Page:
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Erik Jeppesen

Habitat distribution of fish in late summer: Changes along a nutrient gradient in Danish lakes

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The horizontal distribution of fish in lakes varies with species, age, predation risk, vegetation coverage and water clarity. Although sporadic data are available for specific lakes, little is known about how habitat distribution generally changes along a gradient in nutrients and clarity. Here we analyse littoral and pelagic fish catch data for 34 Danish lakes (covering 94 lake years) with contrasting total phosphorus (TP) concentrations and mean depth levels (but mainly eutrophic and shallow). Electrofishing was conducted during day along the shore or along the edge of the reed belt if such existed. Gill nets were set overnight for 18 h in open water. We calculated a littoral proportion as: LITPRO = (100 × number caught by electrofishing in the near-shore area)/(number caught by electrofishing in the near-shore area and nets in the open water). At all summer TP concentrations LITPRO was high for several 'littoral' species such as gudgeon (Gobio gobio), rudd (Scardinius erythrophtalmus) and pike (Esox lucius) and low for more typical pelagic species like pikeperch (Sander lucioperca), ruffe (Gymnocephalus cernuus) and smelt (Osmerus eperlanus). However, for many of these species including the dominant roach (Rutilus rutilus) and perch (Perca fluviatilis) LITPRO increased with TP or lake water chlorophyll a (CHLA) for fish >10 cm, suggesting a more littoral distribution with increasing turbidity. Exceptions are pikeperch and bream (Abramis brama). For bream, LITPRO increased significantly with mean lake depth only. For fish ≤10 cm LITPRO showed only a weak relationship to TP, CHLA or depth. In accordance with the TP-dependent distribution, major changes occurred in the fish community structure during the monitoring period following nutrient loading reduction. A comparison of LITPRO from the first part of the monitoring period (1989-1993) with a subsequent period (1997-2003) for four abundant species showed a significant decline in LITPRO over time for large- and small-sized roach and perch and large rudd. This suggests a fast response in fish distribution to improved water quality. It further demonstrates that fish monitoring in lakes should cover both littoral and pelagic habitats to describe the recovery process.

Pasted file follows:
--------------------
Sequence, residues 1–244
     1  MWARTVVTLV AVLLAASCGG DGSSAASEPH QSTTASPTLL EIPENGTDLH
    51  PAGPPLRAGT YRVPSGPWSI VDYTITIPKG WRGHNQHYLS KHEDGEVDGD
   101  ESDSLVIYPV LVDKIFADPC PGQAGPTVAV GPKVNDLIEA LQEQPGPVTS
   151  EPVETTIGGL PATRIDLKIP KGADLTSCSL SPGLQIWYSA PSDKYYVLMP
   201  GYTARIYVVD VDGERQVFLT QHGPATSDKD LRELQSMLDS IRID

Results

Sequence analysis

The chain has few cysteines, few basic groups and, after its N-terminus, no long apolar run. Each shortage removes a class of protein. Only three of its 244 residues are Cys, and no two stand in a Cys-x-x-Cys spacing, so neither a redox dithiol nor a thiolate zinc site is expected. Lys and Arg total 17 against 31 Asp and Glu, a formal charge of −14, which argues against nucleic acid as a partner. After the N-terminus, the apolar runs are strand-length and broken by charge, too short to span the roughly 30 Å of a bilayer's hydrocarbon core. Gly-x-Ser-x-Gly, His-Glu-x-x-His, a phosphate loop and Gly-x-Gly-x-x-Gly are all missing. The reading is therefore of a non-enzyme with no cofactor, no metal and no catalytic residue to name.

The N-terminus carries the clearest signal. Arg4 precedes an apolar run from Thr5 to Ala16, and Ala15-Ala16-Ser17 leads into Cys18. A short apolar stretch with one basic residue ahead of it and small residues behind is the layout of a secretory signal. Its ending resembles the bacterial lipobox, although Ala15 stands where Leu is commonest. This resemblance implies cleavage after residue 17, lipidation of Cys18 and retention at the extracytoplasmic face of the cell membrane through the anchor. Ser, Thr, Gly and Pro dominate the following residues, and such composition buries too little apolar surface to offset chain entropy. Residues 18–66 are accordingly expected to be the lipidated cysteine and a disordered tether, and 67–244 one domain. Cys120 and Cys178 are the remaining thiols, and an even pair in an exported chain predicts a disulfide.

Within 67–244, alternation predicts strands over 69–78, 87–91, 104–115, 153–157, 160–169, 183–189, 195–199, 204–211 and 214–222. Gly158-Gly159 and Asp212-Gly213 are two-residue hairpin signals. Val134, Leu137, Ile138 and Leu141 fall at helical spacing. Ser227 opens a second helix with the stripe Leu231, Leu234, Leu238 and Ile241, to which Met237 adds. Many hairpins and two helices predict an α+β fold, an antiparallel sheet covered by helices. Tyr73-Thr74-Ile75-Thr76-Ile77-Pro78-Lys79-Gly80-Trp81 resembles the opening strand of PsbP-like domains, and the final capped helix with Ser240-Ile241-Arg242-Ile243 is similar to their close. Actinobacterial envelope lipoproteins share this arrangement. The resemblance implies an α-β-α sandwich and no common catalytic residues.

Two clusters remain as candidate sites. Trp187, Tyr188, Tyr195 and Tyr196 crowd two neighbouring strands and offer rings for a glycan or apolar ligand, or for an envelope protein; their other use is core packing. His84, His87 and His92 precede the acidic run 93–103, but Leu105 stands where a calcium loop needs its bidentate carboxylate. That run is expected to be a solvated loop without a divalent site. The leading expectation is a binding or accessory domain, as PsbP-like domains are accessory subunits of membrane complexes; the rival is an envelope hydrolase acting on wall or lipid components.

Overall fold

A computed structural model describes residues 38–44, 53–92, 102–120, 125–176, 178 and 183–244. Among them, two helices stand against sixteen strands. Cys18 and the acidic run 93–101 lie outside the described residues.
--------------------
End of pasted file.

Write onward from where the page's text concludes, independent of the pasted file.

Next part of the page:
Original languageEnglish
JournalEcology of Freshwater Fish
Pages (from-to)180-190
Number of pages11
Publication statusPublished - 1 Jun 2006

    Research areas

  • Eutrophication gradient, Fish, Habitat distribution of fish, Littoral zone, Migration, Pelagic zone

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